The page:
In the past decade, however, our ability to manipulate living organisms and entire genomes has advanced rapidly through the development of tools such as CRISPR, modern sequencing techniques, and genome synthesis and assembly approaches. This has allowed us to generate microbes, cell types, animals, plants, materials, and tools (e.g., gene drives), all of which have elicited security concerns. Moreover, concern about state and non-state actor weaponization of biology continues (24). The following examples show how new approaches to governance, although innovative, are currently sporadic and often ad hoc responses to particular security deficiencies.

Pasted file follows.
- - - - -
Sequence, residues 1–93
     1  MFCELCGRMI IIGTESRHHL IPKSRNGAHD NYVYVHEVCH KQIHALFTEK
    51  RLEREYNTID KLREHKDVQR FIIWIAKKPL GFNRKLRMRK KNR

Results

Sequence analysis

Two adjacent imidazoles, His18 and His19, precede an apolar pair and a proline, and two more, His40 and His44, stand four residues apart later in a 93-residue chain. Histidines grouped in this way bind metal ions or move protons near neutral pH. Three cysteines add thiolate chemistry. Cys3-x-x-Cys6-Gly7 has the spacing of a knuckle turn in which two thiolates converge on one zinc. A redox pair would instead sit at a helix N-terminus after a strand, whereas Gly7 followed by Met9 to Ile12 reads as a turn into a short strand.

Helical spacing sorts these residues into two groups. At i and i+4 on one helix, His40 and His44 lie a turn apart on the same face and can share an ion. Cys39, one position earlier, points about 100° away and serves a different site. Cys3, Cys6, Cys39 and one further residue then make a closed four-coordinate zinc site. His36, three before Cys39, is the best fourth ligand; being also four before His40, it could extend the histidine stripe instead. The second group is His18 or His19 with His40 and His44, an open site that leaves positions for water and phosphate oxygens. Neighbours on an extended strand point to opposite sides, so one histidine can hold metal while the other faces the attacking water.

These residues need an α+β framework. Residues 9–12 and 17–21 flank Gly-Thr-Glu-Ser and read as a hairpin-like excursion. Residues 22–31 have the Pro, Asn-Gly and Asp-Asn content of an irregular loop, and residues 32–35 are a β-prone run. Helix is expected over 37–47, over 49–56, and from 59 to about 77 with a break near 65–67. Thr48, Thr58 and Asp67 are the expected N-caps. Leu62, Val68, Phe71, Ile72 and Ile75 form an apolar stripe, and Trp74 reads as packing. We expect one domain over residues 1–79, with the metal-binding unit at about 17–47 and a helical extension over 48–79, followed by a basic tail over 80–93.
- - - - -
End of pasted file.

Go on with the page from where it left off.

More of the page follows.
After heated debate about two experiments involving the identification of specific mutations in H5N1 avian influenza that enable spread between mammals, the U.S. government developed policies on review and oversight of dual-use research of concern (DURC), requesting federal funding agencies and institutions to review, modify, and/or oversee certain research. Under the assumption that such oversight would be implemented only if minimally invasive, the policies restricted oversight to a subset of work on a subset of known pathogens and experimentally derived traits. Recognizing that these policies still focus on known pathogens and do not address risks from modification of respiratory pathogens, the United States developed an additional policy focused instead on postexperiment attributes of an organism in 2017. This Potential Pandemic Pathogen Care and Oversight policy was also the first to consider under which conditions such research is ethical. Regular and systematic review of these policies is essential (5) but currently ad hoc.